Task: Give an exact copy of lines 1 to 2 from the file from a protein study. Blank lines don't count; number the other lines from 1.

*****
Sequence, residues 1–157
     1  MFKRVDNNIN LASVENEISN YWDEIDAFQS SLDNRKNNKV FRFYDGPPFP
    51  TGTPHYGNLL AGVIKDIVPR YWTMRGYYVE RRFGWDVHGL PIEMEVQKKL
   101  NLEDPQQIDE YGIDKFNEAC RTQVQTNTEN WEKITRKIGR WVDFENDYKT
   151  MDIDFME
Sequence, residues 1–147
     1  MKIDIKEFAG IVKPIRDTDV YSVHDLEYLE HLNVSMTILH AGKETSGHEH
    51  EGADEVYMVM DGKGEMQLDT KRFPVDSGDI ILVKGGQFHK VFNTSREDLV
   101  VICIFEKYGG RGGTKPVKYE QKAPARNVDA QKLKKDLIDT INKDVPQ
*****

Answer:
Sequence, residues 1–157
     1  MFKRVDNNIN LASVENEISN YWDEIDAFQS SLDNRKNNKV FRFYDGPPFP